What you need to know:
- The other shift that I noted in the literary thrust at the conference in Kampala was a generational one.
- Indeed, it was this particular outlook that intimidated me into resorting to following the goings-on from a respectful distance.
- We old-timers are particularly averse to “quitting”.
- But my brief peep into the conference on the morning of the second day left me feeling that I did not quite fit in, either as a participant or a facilitator.
Did I tell you that I did not attend the famous Makerere African Writers Conference in 1962, although I was only 10 miles away, as the crow flies? My excuse then was that I was preparing for my Cambridge School Certificate examinations at the prestigious Namilyango College.
Well, there was another International Writers Conference in Kampala last week, and I hardly attended it, owing to an energy and organisational crisis that I have been undergoing of late. But I could not fail to detect the vibes of the fête and its significance.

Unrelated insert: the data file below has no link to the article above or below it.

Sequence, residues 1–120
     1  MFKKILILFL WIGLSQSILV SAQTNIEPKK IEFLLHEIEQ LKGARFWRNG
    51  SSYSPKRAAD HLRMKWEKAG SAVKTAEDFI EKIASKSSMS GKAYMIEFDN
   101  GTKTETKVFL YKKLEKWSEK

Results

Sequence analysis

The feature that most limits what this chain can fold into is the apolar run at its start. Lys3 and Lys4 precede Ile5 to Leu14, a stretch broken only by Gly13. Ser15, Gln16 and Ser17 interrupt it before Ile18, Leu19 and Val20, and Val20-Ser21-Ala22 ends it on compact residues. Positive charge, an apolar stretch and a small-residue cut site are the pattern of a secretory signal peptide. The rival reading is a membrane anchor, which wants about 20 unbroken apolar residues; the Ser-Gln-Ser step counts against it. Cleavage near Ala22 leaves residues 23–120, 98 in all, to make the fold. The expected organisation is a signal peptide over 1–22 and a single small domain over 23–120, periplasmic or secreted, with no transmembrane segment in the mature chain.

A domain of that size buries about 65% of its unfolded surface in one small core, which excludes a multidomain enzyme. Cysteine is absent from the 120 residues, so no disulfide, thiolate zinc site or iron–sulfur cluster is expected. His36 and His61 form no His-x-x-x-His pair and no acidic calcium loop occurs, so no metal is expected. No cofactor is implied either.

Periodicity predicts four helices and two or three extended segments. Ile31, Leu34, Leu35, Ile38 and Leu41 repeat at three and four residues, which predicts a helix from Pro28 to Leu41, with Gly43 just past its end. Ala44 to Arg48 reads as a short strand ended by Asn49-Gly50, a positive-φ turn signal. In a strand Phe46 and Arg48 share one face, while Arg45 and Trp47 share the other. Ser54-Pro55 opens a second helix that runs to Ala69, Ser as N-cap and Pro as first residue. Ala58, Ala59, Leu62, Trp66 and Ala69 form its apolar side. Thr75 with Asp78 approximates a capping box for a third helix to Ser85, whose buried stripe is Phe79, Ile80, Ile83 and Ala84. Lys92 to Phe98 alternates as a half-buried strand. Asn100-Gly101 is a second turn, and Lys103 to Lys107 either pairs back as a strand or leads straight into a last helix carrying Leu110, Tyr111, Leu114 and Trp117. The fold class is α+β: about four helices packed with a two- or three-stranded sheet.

I noted that this event was not held at Makerere but at a lovely “middle-aged” establishment just above the Central Kampala Golf Course, and appropriately named the Fairway Hotel. I feel that this signalled a move away from the rarefied “academic” connotations of the Makerere campus towards the practical hands-on, performance-oriented affair that this conference turned out to be.
Indeed, the Fairway encounter, though intellectually high-powered, was more of a workshop where literary practitioners at different levels of achievement and aspiration in their careers shared and compared their experiences, techniques and tactics.
This was a decisive shift away from the ideological speculations that characterised such conferences in the past. The clearest marker of this shift was a dedicated masterclass on creative writing, led by star author Jennifer Nansubuga Makumbi.
Ms Makumbi had earlier launched her latest book, Manchester Happened, in Nairobi, her other East African city (remember it is the Kwani? Trust that first published Kintu, her now international bestselling novel). Her presence at the Kampala conference was also iconic, I think, of the decisive shift of the East African literary initiative to our sisters.